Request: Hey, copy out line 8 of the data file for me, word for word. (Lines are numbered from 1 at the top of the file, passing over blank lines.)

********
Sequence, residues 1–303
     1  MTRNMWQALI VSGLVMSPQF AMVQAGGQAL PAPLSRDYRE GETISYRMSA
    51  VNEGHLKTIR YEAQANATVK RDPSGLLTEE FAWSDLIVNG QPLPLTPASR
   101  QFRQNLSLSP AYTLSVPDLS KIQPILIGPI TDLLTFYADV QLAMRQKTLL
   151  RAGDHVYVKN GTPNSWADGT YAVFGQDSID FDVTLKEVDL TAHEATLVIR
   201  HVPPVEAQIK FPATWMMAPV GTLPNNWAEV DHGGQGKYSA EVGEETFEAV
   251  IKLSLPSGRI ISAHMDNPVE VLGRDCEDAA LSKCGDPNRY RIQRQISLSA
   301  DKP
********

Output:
   301  DKP